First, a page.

Most of the babies who died during their sleep while being watched by someone other than parents often placed them in unsafe sleep positions.
‘Babies were less likely to be placed on their back by babysitters and relatives when the parents are not around. Parents need to educate anyone who takes care of their children about safe sleeping practices and the risk of SIDS.’
Through the study, the researchers are trying to urge the parents to educate anyone who cares of their baby regarding the safe sleep practices and the huge risk of SIDS
This syndrome is one of the leading causes of deaths among babies between 1 month and a year of age.
"If someone else - a babysitter, relative, or friend - is taking care of your baby, please make sure that they know to place your baby on the back in a crib and without any bedding," said Rachel Moon, an author of the study.
When the researchers reviewed more than 10,000 infant death reports, they had found that 1,375 of them occurred when the parents were not present.
Among these cases, they found that:
- Babysitters were less likely to place the babies in the correct sleeping positions- on their backs when the parents are not present.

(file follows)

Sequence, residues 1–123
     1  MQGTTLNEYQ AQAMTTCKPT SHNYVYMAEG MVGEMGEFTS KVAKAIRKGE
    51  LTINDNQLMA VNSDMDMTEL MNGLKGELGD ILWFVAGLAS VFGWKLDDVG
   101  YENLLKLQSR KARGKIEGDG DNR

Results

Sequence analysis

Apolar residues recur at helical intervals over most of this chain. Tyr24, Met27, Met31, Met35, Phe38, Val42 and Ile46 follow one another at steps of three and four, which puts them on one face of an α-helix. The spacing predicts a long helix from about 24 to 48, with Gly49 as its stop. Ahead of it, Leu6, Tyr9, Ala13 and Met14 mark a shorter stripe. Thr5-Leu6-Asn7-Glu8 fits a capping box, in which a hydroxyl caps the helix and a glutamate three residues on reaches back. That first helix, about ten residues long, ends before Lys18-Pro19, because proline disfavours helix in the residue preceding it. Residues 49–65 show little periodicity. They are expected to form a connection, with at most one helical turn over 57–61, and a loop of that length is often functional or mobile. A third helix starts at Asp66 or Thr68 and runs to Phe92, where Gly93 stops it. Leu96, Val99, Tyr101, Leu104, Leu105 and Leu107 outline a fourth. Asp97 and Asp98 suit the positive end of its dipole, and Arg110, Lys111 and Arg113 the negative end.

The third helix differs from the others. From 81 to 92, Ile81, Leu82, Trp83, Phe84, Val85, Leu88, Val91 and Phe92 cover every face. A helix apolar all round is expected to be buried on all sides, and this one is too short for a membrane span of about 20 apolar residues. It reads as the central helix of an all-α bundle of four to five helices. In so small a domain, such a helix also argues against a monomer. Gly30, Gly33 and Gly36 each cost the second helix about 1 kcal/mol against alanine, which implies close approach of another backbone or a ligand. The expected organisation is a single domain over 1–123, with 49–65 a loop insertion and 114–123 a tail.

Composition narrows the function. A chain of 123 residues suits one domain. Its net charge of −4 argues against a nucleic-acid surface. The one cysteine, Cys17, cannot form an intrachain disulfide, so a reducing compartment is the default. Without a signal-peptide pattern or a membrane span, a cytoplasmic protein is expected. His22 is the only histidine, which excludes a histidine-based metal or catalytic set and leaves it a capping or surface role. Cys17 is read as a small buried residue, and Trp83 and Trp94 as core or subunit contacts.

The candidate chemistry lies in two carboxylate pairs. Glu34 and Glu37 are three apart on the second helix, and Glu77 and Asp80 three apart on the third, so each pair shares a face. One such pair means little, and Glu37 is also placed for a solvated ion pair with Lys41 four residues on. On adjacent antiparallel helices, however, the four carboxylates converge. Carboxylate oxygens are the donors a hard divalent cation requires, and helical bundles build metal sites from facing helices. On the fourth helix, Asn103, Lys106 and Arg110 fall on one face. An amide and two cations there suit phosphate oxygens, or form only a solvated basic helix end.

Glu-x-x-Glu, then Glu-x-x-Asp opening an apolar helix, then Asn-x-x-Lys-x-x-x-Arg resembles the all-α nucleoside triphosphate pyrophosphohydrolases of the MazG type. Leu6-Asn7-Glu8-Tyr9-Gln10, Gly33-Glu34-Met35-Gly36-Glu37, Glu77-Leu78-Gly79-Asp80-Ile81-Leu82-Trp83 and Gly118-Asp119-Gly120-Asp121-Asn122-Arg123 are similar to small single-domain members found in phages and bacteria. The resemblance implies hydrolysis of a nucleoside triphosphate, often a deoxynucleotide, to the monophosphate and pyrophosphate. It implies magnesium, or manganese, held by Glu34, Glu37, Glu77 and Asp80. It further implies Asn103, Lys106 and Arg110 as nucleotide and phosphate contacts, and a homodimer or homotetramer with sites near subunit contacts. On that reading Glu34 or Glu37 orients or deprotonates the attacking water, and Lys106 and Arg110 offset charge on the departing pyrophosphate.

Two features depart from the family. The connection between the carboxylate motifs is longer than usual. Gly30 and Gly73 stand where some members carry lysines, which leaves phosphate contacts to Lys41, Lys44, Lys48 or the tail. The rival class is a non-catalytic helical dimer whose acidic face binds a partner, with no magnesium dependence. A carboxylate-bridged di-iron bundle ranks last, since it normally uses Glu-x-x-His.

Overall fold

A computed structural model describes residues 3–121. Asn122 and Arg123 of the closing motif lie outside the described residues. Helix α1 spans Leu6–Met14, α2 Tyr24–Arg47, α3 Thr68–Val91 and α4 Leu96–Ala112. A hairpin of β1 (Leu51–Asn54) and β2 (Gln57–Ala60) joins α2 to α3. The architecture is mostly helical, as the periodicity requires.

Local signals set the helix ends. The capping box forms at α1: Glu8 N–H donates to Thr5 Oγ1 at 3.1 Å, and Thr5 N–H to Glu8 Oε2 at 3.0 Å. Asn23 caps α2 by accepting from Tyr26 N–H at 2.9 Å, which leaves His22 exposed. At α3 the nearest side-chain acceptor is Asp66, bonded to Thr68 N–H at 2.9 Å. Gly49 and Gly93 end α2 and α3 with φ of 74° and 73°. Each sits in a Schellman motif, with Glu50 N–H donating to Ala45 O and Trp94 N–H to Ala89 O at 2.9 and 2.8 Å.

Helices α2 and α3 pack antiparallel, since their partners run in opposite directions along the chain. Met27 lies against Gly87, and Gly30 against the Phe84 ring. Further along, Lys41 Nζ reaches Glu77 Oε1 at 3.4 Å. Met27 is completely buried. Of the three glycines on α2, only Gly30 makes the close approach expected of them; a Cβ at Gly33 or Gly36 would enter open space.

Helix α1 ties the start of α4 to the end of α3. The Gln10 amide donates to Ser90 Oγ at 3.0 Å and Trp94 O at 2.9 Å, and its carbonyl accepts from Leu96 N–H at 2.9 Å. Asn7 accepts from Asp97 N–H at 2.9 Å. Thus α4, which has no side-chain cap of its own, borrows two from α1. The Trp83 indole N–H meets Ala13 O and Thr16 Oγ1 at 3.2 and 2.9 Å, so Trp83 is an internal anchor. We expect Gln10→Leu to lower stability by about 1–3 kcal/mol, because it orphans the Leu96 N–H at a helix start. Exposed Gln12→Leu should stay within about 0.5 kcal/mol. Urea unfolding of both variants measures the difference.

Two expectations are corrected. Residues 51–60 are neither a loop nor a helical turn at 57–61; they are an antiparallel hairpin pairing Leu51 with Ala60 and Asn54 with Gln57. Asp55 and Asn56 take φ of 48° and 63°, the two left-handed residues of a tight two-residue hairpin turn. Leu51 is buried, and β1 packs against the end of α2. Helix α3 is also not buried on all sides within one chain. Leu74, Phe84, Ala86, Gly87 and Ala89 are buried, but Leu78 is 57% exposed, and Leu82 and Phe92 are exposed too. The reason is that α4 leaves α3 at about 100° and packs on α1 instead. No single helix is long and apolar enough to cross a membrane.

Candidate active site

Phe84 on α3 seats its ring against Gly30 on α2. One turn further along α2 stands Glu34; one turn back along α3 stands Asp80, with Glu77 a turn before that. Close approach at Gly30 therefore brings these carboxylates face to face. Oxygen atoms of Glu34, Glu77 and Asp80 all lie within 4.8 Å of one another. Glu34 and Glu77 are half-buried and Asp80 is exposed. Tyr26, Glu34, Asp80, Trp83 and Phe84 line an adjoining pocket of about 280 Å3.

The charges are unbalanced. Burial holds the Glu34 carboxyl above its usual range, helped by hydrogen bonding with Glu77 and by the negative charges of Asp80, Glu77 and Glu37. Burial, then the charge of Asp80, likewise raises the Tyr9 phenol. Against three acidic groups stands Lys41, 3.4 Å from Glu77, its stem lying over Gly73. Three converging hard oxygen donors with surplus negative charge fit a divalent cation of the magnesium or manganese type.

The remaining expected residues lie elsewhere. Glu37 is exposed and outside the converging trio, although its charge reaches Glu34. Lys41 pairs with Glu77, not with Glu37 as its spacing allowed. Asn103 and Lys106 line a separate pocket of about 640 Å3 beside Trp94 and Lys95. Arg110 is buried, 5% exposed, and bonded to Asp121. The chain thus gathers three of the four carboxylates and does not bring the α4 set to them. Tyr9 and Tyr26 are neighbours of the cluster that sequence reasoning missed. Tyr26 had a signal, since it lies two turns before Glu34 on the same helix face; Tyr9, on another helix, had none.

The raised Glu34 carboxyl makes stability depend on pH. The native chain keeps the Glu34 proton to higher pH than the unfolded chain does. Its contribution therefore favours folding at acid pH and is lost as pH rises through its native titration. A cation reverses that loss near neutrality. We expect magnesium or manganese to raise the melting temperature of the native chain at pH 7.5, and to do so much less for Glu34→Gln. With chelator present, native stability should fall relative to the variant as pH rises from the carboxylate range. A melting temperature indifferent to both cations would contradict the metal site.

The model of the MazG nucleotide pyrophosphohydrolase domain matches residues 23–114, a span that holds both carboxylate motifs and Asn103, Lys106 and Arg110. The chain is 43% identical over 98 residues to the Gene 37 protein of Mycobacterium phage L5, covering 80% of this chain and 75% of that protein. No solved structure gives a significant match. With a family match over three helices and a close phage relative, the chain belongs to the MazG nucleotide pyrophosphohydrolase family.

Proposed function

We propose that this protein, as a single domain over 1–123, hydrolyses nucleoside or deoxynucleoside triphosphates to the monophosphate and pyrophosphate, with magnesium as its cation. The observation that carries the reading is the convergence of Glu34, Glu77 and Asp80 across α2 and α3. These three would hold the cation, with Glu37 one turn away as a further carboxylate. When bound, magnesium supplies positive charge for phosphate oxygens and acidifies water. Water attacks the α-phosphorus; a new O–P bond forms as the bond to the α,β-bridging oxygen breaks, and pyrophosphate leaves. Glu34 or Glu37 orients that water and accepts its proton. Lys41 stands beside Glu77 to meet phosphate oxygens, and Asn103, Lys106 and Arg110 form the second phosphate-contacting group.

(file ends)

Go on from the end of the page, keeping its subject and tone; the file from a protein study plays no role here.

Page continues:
- Babies under the care of the babysitters and relatives are more likely to be placed in hazardous sleep environments. Sleep spaces should be free of toys and soft bedding including blankets and sleep bumpers.
- Only 72.5 percent of licensed childcare providers actually placed the babies in a crib or bassinet and among these babysitters, relatives, and friends, this number was really only 49.1 percent, 29.4 percent, 27.1 percent.
- Infant deaths were most likely to occur when the babies were placed in an adult bed, even when they were under the supervision of friends and relatives.
"A lot of relatives and friends may not be aware that babies are safest on their backs," said researcher Jeffrey Colvin, MD, of Children's Mercy Kansas City. "They may have raised children before we knew that this was safest."
Awareness That Had Been Raised To Prevent Sudden Infant Death
While previous studies have found that many licensed childcare providers placed infants on their stomachs to sleep, the scientists noted that that same group was now the most likely to place babies in the recommended sleep position
and in cribs when not under parental supervision.
They believe that this could have been the result of the educational efforts of the Safe to Sleep national campaign and changes in state regulations.
"It's always best to discuss where and how your baby should sleep," Moon said. "You can't make assumptions that the person with whom your baby is staying will know what is safest."
- Elena Lagon, Rachel Y. Moon, Jeffrey D. Colvin,. Characteristics of Infant Deaths during Sleep While Under Nonparental Supervision, Journal of Pediatrics (2018).DOI:†https://doi.org/10.1016/j.jpeds.2018.01.051